It's looking like the Season Two finale of Nashville will mirror the lyrics of a quintessential country song: someone's lyin', someone's breakin' up, and someone's gettin' stinkin' drunk. Rolling Stone was invited to the downtown Nashville set of the May 14 episode, which we're told will end in cliffhangers for most all of the main characters. We spent time in between scenes tempting the actors to spill secrets about the finale (which airs at 10:00 PM ET on ABC). In doing so, we learned a little bit about the episode and a lot about its multi-talented cast.
In the season finale, Juliette Barnes gets hammered and screws things up … again.
“I've never been drunk before. It's shocking!” Hayden Panettiere says sarcastically, accepting a compliment on her acting in a scene where her character is three sheets to the wind. The petite powerhouse explains that viewers will feel sad for Juliette at the end of this season, as "she has messed up the best thing she's ever had going for her." So long, Avery. Hello, Jack (or Jim, or Jose).
Some songs will be recycled in a different light.
Musical performances on the Season Two finale take place in two very different settings: at church and at LP Field, home of the Tennessee Titans. The characters of Deacon, Zoey, Avery and Gunnar perform in a church sanctuary at a benefit for a substance abuse treatment program. Then, several characters take the stage at the almost 68,000-seat stadium to perform a few tunes we've already heard on the show, but never with as many bells and whistles. "They've got a whole light show set up," explains Connie Britton. "LP Field is such a staple of Nashville, it's exciting to perform the songs in that context."
Rayna's torn between two (singing) lovers.
Britton hints that her character’s storyline ends with a victory in her professional life but a fork in the rocky road that is her personal life. All we can tell you for Season Three is that she's likely not getting back together with ex-husband (and current Mayor of Nashville), Teddy. "I think it would be really fun next season to see her actually in a relationship that felt like a Faith Hill-Tim McGraw situation," says the actress. "There's a lot of fun to be had with that, whomever that relationship might be with!"
The guy who plays Juliette's bodyguard, Bo, did two tours in Iraq.
Melvin Kearney became a motivational speaker after returning from his second tour of combat, during which he lost five friends. He was speaking to wounded warriors in Murfreesboro, Tennessee, when an audience member asked him if he's ever acted. "I act a fool in front of my family," Kearney joked in response. But the woman convinced him to audition for Nashville and – given his lack of acting experience – he swears it was his smile that scored him the gig. "I used to take my mom to chemotherapy," he recalls of his late mother, "and she'd say, 'Baby, you can choose to never have a bad day again. You can't control your circumstances, but you can control your attitude.'"
Jeff Fordham might not be a total jackass.
So far, Oliver Hudson’s character has only shown his dark side – which is unusual writing for Callie Khouri, whose fictional villains tend to reveal their softer sides every now and then. But Hudson was just billed as a "special guest" in Season Two, whereas he will become a series regular in Season Three. “I hope we'll get to know why he is who he is. No one is this bad. For those who are, there has to be a reason," the actor says of Jeff.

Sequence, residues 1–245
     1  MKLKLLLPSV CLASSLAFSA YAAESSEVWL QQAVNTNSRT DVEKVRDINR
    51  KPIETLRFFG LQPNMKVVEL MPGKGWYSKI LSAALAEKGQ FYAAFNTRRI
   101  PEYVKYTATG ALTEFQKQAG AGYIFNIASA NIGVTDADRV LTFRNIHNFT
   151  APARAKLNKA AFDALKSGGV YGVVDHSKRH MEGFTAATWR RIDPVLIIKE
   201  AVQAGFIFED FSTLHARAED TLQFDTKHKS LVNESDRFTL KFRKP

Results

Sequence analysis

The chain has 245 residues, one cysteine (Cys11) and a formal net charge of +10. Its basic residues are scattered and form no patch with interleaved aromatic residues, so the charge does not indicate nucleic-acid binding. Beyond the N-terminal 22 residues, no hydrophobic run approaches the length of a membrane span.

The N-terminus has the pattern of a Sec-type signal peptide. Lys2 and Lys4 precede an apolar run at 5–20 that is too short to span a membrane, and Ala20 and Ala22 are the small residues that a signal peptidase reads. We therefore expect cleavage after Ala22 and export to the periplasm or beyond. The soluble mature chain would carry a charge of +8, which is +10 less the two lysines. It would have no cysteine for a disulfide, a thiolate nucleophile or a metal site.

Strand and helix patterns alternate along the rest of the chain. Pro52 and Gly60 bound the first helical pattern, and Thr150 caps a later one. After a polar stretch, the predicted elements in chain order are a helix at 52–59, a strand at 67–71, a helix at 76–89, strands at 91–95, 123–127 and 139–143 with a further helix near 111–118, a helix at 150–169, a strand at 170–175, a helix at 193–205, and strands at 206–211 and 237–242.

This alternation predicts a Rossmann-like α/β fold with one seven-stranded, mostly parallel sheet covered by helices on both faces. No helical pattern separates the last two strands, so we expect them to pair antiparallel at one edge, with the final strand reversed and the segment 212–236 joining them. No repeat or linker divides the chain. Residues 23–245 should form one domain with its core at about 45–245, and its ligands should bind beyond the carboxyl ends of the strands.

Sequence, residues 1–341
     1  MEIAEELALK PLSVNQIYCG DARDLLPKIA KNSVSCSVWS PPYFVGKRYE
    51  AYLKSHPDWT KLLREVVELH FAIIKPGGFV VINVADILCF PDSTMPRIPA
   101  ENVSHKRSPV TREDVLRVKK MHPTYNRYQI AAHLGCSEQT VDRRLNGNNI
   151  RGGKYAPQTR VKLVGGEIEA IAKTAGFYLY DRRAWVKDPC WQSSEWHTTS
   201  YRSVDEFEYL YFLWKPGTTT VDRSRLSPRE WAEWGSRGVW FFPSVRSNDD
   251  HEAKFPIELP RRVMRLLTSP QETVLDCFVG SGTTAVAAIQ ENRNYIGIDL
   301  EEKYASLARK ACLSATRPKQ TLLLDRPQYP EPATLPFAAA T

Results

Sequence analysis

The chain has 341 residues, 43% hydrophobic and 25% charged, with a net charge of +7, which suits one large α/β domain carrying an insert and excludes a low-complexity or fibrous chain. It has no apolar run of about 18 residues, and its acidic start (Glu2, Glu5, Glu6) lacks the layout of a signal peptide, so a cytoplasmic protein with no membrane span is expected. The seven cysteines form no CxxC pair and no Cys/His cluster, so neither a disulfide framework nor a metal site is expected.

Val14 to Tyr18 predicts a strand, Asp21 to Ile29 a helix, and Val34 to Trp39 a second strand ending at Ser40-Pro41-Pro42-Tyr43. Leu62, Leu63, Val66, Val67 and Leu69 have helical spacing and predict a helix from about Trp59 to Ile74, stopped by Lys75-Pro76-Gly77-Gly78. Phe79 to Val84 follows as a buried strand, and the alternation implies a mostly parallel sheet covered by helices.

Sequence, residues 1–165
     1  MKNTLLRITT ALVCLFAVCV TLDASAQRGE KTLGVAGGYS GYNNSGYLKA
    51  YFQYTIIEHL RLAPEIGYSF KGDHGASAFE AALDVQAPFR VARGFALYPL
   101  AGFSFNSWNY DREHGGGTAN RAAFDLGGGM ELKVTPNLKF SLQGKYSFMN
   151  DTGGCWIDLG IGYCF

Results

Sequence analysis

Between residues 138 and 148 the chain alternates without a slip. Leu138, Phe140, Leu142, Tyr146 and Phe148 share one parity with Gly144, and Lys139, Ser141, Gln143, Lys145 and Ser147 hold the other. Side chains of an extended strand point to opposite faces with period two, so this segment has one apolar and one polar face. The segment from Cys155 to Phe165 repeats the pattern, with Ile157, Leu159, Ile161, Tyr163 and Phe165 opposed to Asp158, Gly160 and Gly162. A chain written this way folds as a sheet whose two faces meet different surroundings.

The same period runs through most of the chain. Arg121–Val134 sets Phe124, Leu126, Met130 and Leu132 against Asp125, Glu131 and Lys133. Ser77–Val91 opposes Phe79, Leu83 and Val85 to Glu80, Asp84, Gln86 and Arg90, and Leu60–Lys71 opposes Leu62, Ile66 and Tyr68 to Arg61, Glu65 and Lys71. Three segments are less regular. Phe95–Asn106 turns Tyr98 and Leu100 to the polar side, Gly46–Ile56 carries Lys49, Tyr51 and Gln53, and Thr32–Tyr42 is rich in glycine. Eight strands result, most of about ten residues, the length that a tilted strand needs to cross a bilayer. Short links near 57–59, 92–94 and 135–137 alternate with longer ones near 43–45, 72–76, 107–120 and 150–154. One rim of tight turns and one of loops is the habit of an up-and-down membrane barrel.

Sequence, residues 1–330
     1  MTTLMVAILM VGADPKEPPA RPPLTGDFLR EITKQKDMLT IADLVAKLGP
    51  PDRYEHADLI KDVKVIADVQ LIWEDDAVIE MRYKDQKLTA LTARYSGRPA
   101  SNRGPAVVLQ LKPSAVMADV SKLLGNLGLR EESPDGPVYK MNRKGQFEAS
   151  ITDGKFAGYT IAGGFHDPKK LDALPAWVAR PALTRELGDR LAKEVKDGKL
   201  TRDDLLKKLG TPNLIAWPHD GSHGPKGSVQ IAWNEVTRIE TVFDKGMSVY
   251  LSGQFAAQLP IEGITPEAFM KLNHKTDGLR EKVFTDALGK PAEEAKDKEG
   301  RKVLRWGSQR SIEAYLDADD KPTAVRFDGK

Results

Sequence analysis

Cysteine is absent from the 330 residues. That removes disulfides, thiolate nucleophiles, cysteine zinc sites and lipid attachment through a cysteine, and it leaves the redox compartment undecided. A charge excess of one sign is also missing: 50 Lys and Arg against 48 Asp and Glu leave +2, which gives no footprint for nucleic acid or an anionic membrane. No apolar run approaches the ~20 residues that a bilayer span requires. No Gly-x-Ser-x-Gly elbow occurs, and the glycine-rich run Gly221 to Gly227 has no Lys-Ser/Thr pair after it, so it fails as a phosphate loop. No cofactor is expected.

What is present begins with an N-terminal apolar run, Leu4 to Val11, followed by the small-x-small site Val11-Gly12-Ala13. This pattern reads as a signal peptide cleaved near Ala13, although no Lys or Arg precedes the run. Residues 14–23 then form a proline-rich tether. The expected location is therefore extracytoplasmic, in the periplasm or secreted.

Will Lexington is quite fond of his closet, thank you very much.
Chris Carmack insists his character will never come out willingly, as he is stuck in the old-school ways of thinking that no openly gay singer can make it in country music. Still, Will's Season Two ending is what Carmack insists is the biggest "gasp moment" of the finale. Does someone else drag him out? Or perhaps his beard is growing a bump?
Clare Bowen (Scarlett O'Connor) owes a few people an "I told you so."
"I'm a classically trained singer," explains the Australian beauty, "but I didn't sing for several years because people told me that I couldn't. I had accepted that [singing] wasn't what I was supposed to do." Bowen has some of the most memorable songs on the Nashville soundtracks – including the first tune written specifically for the show, "Black Roses" - and is currently working on her debut album.
Jonathan Jackson and Sam Palladio wanted to sing in each other's shoes.
While Jackson initially auditioned for the role of Gunnar Scott, Palladio auditioned for the role of Avery Barkley. Jackson's audition included the powerful renditions of a few U2 songs, which Khouri says sealed his deal.
Watching Nashville can double as a weekly guitar lesson.
Yes, it's really the actors singing (and without Auto-Tune, they swear), and adding to the authenticity of the show is the fact that they're also really playing guitar. Their music teachers are the veteran Nashville musicians who play in the characters' bands, and those teachers are adamant that the actors perfectly match each lick to the track, exactly as it was recorded. "A lot of times, we'll be on stage and turn around and ask, 'How do you do this?'" says Carmack. "Colin [Linden, lead guitarist in Deacon's band] will sit down with us and go over all the guitar parts, note by note. I'll learn the song by ear and show up, and he'll go, 'No, that's not how we tuned the guitar on this one.'"
Connie Britton could've killed Nashville.
Callie Khouri admits to breaking her own rules when crafting the Nashville pilot episode. She usually never writes with an actor or actress in mind, but a vision of Connie Britton playing Rayna got her out of a major writing slump. "I really could not position anyone else in the role," Khouri recalls. "They kept asking, 'Who else do you see, in case we can’t get Connie Britton?' And I was like, 'I don’t see why we would even do it.'"